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The past 15 years have seen a substantial increase in our knowledge of how short-term therapy with a range of antibodies that block immune function can induce a state of immunological tolerance to transplants. The paradigm established with CD4 antibodies now seems equally applicable to many other tolerance inducing agents. It would seem that antibody therapy is required to create a complete ceasefire in the immune system's attack on the transplant. During this ceasfire donor antigen is processed by host antigen-presenting cells and made available in a form that allows selective expansion of specialised T-cells with regulatory function. Such T-cells police the immune system and stop attack directed to antigens physically associated with those from the transplanted tissue. Antigens from the transplanted tissue provide a constant impetus to keep regulatory T-cell activity dominant so that the system remains effectively policed. New cohorts of regulatory T-cells replenish effete cells over time through « infectious tolerance ». Knowledge of these dominant tolerance mechanisms may allow for optimisation of combined strategies for tolerance, and for evolution of tolerogenic vaccines in transplantation.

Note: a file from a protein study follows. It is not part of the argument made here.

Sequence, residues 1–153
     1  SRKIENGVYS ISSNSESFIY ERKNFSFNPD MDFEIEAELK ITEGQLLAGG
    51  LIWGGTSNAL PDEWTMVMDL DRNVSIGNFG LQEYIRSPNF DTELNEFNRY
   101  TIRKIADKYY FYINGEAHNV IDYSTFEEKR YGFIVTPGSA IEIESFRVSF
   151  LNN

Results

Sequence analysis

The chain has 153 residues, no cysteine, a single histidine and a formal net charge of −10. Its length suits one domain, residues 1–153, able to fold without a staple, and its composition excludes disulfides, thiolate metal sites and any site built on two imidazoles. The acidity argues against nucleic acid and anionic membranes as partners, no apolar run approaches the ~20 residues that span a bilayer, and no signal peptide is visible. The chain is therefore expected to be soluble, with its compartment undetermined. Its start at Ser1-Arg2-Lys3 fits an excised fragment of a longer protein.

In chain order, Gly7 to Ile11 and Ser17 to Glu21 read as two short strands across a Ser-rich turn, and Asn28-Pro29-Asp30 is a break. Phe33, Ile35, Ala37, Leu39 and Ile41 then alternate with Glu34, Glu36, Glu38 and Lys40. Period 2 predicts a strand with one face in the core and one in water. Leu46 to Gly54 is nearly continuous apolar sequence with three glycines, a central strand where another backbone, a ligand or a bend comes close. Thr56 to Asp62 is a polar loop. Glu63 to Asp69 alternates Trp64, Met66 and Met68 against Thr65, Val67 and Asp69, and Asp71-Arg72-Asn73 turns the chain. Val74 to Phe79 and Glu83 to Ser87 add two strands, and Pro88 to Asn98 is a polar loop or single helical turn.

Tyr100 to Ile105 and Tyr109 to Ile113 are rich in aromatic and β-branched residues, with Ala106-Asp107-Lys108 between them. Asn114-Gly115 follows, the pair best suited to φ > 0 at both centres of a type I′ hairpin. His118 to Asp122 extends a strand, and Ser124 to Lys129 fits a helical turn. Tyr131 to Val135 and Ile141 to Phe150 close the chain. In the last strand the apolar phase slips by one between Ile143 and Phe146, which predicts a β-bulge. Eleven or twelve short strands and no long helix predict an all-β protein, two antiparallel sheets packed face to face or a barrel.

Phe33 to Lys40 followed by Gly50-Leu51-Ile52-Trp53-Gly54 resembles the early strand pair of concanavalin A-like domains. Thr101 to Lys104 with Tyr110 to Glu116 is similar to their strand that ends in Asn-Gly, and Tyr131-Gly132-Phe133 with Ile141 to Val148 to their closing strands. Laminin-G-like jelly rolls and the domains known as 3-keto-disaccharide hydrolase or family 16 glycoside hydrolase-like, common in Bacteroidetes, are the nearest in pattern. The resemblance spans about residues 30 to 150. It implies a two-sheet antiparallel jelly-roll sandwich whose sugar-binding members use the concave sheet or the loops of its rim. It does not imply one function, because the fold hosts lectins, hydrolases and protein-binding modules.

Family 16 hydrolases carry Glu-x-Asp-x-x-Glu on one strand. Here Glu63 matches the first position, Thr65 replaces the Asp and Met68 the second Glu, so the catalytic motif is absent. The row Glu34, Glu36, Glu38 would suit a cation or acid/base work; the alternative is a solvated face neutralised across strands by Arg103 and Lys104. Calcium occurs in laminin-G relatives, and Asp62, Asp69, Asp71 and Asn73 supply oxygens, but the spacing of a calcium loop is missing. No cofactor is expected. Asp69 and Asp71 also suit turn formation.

Journal article



Publication Date





21 - 30